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Slickriffs 08-12-2008 11:01 AM

Not exactly interior-convertible top sewing
I need to stitch a covertible top around the rear window on my work car..a 97 Sebring convertible..Any particular needle and thread I should be using? Convertible top is in nice shape but some stiching has worn out.



Paul M 08-12-2008 02:14 PM

re: convertible top sewing
I once hand sewed a top repair with a embroidery needle & nylon or polyetser thread. I basically used the embroidery needle since it was durable & easy to thread.

DanTwoLakes 08-12-2008 02:43 PM

I would use size 138 polyester thread, which is about as heavy as the average industrial sewing machine can handle comfortably. Size 217 is just a hair too big. Polyester thread stands up to UV rays better, and is better for stitching that is outside a lot.
The largest needle you can use is a size 24. A size 22 needle will work fine. If you have a Singer 111W or a knockoff of it the needle is a 135 x 17. (The first number refers to the metric diameter of the needle's blade between the scarf and the shank, 135 hundredths of a millimeter, and the second is the U.S. designation, 17 thousandths.)

Paul M 08-12-2008 03:02 PM

Cool, an actual convertible top expert
I have a convertible top that I plan on making from scratch. I've located the material, made the pads, located the top cable set ups (along the sides), plastic pcs (along the sides) rear window, pos. front tack strip. etc. I plan on cutting everything myself & having someone else sew it. I've used a old Singer ( non industrial w/ poly thread ) for interior work however, don't feel confident in sewing the long lines on the "Rag" top. What's the actual "overlap" method of sewing the 3 to 4 pieces of material together?

DanTwoLakes 08-12-2008 10:03 PM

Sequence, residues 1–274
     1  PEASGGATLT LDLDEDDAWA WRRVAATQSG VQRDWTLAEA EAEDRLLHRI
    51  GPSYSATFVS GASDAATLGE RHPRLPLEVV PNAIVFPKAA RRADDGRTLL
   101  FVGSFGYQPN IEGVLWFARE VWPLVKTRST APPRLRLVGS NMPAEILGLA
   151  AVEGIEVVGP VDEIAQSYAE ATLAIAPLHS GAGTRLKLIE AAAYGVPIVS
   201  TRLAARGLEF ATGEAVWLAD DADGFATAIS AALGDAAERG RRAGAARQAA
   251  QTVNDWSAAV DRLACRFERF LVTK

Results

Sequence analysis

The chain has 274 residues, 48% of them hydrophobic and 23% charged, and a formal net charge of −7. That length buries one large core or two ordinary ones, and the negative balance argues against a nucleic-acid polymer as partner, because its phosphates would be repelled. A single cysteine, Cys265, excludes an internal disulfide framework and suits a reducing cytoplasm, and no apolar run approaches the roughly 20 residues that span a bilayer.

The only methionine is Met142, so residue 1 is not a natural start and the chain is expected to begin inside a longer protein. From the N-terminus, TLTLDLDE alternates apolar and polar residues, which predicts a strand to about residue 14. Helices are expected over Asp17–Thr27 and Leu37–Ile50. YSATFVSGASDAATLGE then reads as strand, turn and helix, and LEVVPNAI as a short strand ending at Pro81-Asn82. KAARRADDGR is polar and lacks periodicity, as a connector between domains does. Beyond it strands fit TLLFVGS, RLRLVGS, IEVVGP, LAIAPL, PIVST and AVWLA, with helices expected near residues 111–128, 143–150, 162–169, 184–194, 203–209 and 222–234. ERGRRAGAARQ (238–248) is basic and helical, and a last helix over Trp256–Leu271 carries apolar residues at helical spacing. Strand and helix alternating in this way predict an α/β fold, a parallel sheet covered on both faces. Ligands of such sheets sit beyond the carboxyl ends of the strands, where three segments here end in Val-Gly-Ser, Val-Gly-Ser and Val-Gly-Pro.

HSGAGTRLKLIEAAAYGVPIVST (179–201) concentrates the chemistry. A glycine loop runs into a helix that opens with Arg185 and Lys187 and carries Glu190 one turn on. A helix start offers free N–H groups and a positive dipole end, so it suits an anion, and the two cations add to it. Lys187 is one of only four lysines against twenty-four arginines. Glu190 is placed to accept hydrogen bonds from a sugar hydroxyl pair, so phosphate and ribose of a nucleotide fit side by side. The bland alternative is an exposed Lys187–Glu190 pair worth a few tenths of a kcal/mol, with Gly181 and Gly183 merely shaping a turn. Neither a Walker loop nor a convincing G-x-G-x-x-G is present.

You absolutely need an industrial machine to sew your top together. A home machine would really struggle, more with the thickness of the fabric and being able to pull the material through the machine than with the actual sewing. Why would you not want a pre-made top? There is a lot more to a convertible top than just being able to sew the 4 pieces together.

Anyway, there are two ways to sew the top together. One way is to sew the pieces together and top stitch the seams afterward. The other way is to sew the pieces together and glue down the seam allowance underneath instead of sewing it down. This will give you a nicer, cleaner look and eliminate a stitch line and the needle holes.

Slickriffs 08-13-2008 10:41 AM

thanks everyone..Just curious what do you use to glue seams? I bought a german product I learned about here..forget the name thou..


Paul M 08-13-2008 10:49 AM

Re: Convertible top
Ye, I saved a ton of $ by buying a 50 Wayfarer convertible that someone had attempted a 2" chopped top. Needless to say, I had to make my own side window frames, fab my own (one of a kind) 3 dimentinally shaped header & reconfigured all of the brackets. Even if I could find a top for this car, it wouldn't fit the contour. I've had good luck with interiors & have recently pulled off a nice headliner for my 35 coupe. Those headliners are tricky esp the ones that require making your own header bows & include numerous tucks in order to curve around the back to meet the sail pannels. The hours involved will definitely merit buying a new one next time. I've been offered to put this car in a magazine however, have put it off ( refusing to shell out 2k ) for someone else to do it. Since then I've almost completed another car. I appreciate any suggestions. This is a 1950 Wayfarer (small 3 passenger type) only front seats. It's a small top & doesn't require the extra pivot point of full sized convertibles. Anyway, I typed this up twice now. I hope this one goes through. For some reason the photo isn't going through. It's probably larger than jpg format. Later Paul.

Paul M 08-13-2008 10:56 AM

Yep, I'm with Keith on that ?
Any info on this subject is deeply appreciated.

DanTwoLakes 08-13-2008 12:01 PM


Originally Posted by Slickriffs
thanks everyone..Just curious what do you use to glue seams? I bought a german product I learned about here..forget the name thou..


Any good spray grade top and trim adhesive like DAP or 3-M. You can even glue the initial seam with that before you sew it to really make a great, waterproof seam.

stitcher_guy 08-13-2008 09:01 PM

I laid this one out using clear vinyl for pattern so I could see where it makes contact and what might get in the way (89 300ZX. Not a factory option. One of two or three that were custom done by the company). I prefer using the Stayfast over Sailcloth because it stretches nicer.

This owner requested a removeable rear window. Made a collar to hold the plexiglass, and two safety straps.

click on the pic/link

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